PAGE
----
California’s Proposition 24 won over the majority of California, with around 56% of votes out of 11 million votes counted on Wednesday, November 4, 2020, reports the Associated Press. The said measure is aimed at expanding and tightening internet privacy laws.
According to the Los Angeles Times, data security concerns stemmed from the 2016 elections. During this time, the political ad targetting campaigns by Cambridge Analytica and attacks on the Democratic Party’s email servers surfaced, revealing harmful online data security and data harvesting practices.
With voters in the most populous state voting in support of Proposition 24, this is slated to heighten the enforcement of internet privacy regulations. At the same time, this will tighten some of the loopholes that tech giants and big businesses have always found a way around over the years.
Based on the article released by the Los Angeles Times, this new measure will create a new state agency to ensure the implementation of the law. This is expected to take root in 2023.
With California being the first state to ever pass a digital privacy law under the California Consumer Privacy Act, Proposition 24 aims to address the current loopholes in place by providing a new law called the California Privacy Rights Act.
While the former law passed in 2018 provided consumers and online users with the data being collected about them and have the ability to delete or opt-out of the sale of personal information, the latter differs by giving consumers the right to prevent their data from even being obtained or processed in the first place, notes the Los Angeles Times.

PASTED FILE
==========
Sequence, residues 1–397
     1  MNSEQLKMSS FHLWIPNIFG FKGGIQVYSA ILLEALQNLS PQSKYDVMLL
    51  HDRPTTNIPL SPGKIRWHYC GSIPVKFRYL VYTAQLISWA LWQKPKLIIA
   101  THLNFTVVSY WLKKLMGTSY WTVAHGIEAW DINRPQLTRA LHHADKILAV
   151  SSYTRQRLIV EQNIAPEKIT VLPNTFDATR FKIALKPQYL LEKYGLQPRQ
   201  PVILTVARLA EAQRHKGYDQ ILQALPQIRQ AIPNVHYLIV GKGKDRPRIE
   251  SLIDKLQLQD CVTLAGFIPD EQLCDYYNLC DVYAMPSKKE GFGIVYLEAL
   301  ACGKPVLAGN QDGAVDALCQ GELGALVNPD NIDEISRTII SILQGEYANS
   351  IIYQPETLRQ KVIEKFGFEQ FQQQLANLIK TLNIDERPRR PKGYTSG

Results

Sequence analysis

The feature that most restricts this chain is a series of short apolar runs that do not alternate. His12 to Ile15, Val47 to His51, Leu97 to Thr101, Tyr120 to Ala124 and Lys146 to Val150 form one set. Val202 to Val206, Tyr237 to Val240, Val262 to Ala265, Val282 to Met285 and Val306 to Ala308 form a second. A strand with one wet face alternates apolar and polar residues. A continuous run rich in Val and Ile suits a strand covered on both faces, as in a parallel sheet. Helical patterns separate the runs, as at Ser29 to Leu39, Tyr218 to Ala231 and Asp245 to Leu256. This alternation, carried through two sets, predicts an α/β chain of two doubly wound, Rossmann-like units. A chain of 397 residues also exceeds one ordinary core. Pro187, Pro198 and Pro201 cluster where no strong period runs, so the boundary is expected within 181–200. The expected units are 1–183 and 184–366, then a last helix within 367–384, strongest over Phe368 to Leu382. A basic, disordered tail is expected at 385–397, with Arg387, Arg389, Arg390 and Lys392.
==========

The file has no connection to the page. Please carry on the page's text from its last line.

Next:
Moreover, the Associated Press reveals that the maximum fines that will be levied for companies who violated kids’ privacy laws or that were involved in the collection and sale of this information will be tripled.
In a statement, chairman of the Californians for Consumer Privacy, sponsor of Proposition 24, and real estate developer Alastair Mactaggart said, “We are at the beginning of a journey that will profoundly shape the fabric of our society by redefining who is in control of our most personal information and putting consumers back in charge of their own data.”
“I’m looking forward to the work ahead and the next steps in implementing this law, including setting up a commission that is dedicated to protecting consumers online,” said Mactaggart.
The real estate developer also said that this entails being “able to stop businesses from using our most intimate, most personal information – our health information, our religion, our sexual orientation, our race.”